I was tootling along one day last week, quite focused on getting my business for the day done. In fact, I was feeling good about the progress I was making with my “to do list.” Nothing is more satisfying to me than the sense of being in control of my schedule. I love checking off items on my “to do list.”
As the scheme of things usually develops with me, this euphoric situation was not long-lived. It was left to the Gracious Mistress of the Parsonage to bring a sense of reality into my life.
“Haven’t you forgotten something?” she asked me.
This question drove me back to my daily planner. Frantically, I searched my schedule to see what appointment I had missed or what project I had overlooked this time. With all due respect to her, I could not find anywhere in my schedule, or on my calendar, where I had missed anything.
“No,” I cautiously said to her. “I seem to have covered everything.” With that, I flashed a confident smile in her direction.
She caught that smile and returned a menacing glance in my immediate direction. I caught her drift, which clearly undermined my previous confidence in my schedule.
“Don’t you recall,” my wife almost sneered, “your New Year’s resolution?”
This sent me into a mild panic. New Year’s resolutions, as everybody except my wife knows, are not to be taken seriously. People make such resolutions only because it’s the thing to do at the time. What a person says on New Year’s Eve should have no bearing whatsoever with the coming New Year.
Looking at her with all the seriousness I could muster at the time I said, “I really don’t know what you mean.”
I think at the time she mistook my seriousness for what she likes to call “my flippancy.”
“I think you know exactly what I mean,” she demanded.
Seeing the blank expression on my face, or an expression more blank than usual, she began to realize I had no idea what she was talking about. Placing both hands on her hips, which is a warning sign to me of something ominous to follow, she stated her case.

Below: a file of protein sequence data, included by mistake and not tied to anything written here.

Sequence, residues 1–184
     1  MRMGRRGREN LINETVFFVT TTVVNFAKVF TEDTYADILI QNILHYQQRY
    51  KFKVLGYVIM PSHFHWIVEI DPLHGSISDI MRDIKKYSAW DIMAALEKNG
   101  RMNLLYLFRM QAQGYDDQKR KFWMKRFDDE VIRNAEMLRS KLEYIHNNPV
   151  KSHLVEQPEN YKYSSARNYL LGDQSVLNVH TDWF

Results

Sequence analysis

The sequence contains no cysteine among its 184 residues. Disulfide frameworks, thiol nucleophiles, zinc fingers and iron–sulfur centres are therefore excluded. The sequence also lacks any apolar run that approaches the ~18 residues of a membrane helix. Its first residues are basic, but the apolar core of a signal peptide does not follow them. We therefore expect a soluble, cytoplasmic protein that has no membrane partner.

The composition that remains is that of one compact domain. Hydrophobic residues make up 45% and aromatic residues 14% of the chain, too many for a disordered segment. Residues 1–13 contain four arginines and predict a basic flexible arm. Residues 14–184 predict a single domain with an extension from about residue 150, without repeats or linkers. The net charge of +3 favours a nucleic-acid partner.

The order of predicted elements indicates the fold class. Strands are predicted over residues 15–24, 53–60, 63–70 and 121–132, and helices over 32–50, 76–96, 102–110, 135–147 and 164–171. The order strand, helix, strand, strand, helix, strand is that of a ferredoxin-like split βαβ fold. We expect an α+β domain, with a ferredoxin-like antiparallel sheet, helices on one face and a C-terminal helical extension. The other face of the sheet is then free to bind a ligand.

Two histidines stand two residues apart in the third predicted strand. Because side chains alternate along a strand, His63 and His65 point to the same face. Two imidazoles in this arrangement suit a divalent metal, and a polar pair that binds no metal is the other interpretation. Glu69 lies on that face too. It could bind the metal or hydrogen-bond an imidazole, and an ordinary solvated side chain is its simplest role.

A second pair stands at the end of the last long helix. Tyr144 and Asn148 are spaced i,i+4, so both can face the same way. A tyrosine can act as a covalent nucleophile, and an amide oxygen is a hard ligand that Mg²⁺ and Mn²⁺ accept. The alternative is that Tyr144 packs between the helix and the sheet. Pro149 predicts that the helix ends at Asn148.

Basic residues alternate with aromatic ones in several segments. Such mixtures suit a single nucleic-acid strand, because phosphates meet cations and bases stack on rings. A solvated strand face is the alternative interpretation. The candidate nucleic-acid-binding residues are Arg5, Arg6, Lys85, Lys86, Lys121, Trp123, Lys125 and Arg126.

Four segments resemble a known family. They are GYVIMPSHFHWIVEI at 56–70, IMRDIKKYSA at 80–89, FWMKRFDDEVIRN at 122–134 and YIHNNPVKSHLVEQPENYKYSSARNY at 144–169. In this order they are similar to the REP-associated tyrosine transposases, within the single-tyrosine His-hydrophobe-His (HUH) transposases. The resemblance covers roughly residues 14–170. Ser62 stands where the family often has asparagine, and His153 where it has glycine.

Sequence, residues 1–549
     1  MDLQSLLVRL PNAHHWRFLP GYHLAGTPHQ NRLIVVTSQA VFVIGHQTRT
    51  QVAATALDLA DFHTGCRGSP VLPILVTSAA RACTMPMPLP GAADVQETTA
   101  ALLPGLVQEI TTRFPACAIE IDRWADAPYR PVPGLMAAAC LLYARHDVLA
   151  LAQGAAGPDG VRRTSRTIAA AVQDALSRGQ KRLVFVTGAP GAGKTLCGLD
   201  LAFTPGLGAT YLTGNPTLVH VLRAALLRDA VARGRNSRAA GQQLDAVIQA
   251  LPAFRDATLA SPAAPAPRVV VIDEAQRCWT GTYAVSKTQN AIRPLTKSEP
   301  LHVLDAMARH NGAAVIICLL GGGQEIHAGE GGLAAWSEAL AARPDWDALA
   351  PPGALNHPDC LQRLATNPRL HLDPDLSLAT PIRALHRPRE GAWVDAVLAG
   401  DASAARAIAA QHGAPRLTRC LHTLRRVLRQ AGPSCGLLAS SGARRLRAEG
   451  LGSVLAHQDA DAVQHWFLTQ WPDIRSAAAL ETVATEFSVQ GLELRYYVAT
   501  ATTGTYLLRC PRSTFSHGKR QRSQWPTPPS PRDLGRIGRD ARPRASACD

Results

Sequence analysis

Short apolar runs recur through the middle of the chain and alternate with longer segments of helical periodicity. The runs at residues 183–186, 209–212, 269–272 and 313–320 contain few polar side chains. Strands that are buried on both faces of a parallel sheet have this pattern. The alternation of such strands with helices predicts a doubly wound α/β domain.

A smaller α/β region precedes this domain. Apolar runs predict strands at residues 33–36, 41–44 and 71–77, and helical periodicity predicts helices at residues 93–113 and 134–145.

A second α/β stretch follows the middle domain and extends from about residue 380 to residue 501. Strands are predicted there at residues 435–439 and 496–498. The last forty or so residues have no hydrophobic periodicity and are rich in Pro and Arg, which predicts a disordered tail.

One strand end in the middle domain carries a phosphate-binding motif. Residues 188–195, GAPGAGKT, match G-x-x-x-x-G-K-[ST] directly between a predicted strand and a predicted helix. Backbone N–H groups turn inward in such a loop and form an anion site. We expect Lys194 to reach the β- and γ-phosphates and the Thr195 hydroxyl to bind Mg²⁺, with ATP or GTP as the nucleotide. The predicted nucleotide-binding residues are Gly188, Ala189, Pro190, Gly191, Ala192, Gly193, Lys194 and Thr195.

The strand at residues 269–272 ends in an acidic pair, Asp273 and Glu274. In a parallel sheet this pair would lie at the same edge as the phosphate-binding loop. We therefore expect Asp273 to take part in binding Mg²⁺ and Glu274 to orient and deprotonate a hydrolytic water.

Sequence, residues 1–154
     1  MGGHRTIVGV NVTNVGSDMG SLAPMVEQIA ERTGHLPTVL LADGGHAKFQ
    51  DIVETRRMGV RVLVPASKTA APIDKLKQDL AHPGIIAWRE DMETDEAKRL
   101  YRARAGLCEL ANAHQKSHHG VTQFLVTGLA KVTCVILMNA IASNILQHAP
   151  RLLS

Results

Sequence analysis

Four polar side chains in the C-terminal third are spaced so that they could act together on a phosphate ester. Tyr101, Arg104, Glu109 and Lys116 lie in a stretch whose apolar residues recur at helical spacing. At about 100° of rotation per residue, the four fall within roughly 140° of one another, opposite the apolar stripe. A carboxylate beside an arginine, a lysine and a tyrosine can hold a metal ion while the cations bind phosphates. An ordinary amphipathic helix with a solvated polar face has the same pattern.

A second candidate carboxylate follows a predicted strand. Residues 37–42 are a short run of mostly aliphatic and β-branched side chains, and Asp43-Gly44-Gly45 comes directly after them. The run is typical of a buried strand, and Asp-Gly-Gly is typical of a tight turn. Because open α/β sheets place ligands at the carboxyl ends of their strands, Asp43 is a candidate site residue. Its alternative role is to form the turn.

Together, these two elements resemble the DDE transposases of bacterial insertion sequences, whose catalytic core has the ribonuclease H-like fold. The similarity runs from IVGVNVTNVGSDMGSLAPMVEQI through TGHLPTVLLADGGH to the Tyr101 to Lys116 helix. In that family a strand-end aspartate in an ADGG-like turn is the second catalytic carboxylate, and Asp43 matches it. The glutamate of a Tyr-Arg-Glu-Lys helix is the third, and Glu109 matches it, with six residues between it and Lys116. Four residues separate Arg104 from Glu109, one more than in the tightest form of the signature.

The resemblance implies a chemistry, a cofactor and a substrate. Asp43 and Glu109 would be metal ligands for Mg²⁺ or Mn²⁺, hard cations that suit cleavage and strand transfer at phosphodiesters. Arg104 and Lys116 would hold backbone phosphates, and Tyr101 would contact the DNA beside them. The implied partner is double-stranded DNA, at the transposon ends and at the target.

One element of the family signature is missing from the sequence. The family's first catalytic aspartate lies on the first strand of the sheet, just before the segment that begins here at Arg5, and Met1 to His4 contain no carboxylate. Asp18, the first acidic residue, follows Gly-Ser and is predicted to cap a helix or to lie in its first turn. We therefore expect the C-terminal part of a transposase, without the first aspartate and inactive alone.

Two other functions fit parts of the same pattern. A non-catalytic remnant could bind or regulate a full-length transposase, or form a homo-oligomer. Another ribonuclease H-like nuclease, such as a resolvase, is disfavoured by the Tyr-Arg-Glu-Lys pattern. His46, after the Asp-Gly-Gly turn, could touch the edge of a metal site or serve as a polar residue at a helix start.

“One of your New Year’s resolutions was to take a day off each week. When was the last time you took a day off?” She demanded.
Then it all came back to me. I did remember such a resolution. But if I recall it accurately, someone, I’ll mention no names, backed me into a corner and forced me into such a resolution.
At the time, the resolution was not the result of any serious contemplation on my part. I thought I was just placating her at the time and never imagined six months later she would be calling me on the carpet for it.
“Well,” I stammered, “there was a week in February when I took several days off.” Then my smile returned to me along with a little bit of confidence.
“You don’t mean those days you were sick in bed with a cold, do you? Tell me you’re not including those in the category of days off?”
My smile along with my confidence deserted me.
No matter what anybody says, I do sometimes think of taking a day off. And I believe people should get credit for some of their intentions.
If, for example, I can’t actually take a day off, it should be enough to think about doing it. The only problem with this pitch is, my wife doesn’t buy it. Believe me, if she was buying, I would give a good discount to her.
“Okay,” I conceded. “I’ll take a day off next week.” I thought that would settle it and with any good luck by next week she would have forgotten this conversation.
This just points out one of the major differences between husbands and wives. When it comes to conversations between them, wives have total recall on every conversation they have ever had.
Of course, I don’t know if my wife has total recall on our conversations. There have been times when I thought she was making up what I said 13 years ago. I just had no way to prove it.
“Why not take a day off this week?” she queried.
“Let me think about it,” I tried stalling her, “and I’ll get back with you on the day.”
“How about tomorrow? It’s a day,” she replied.
Well, she had me there. Tomorrow was a day this week. My problem is I don’t like to make snap judgments on things affecting my schedule.
Looking back on the conversation, I can see my mistake. I hesitated. In my many years as a husband, I have noted whenever I hesitated, my wife assumed it was a sign of agreeing with her proposal.
“It’s settled then,” she stated. “Tomorrow you will be taking the day off.”
This was an invitation I could not refuse. I love it when a plan comes together and I felt compelled to go along with the plan.
The Bible offers a wonderful invitation. “Come unto me, all ye that labour and are heavy laden, and I will give you rest. Take my yoke upon you, and learn of me; for I am meek and lowly in heart: and ye shall find rest unto your souls. For my yoke is easy, and my burden is light.” (Matthew 11:28-30.)
My advice is to take God up on his marvelous offer, today, not tomorrow.
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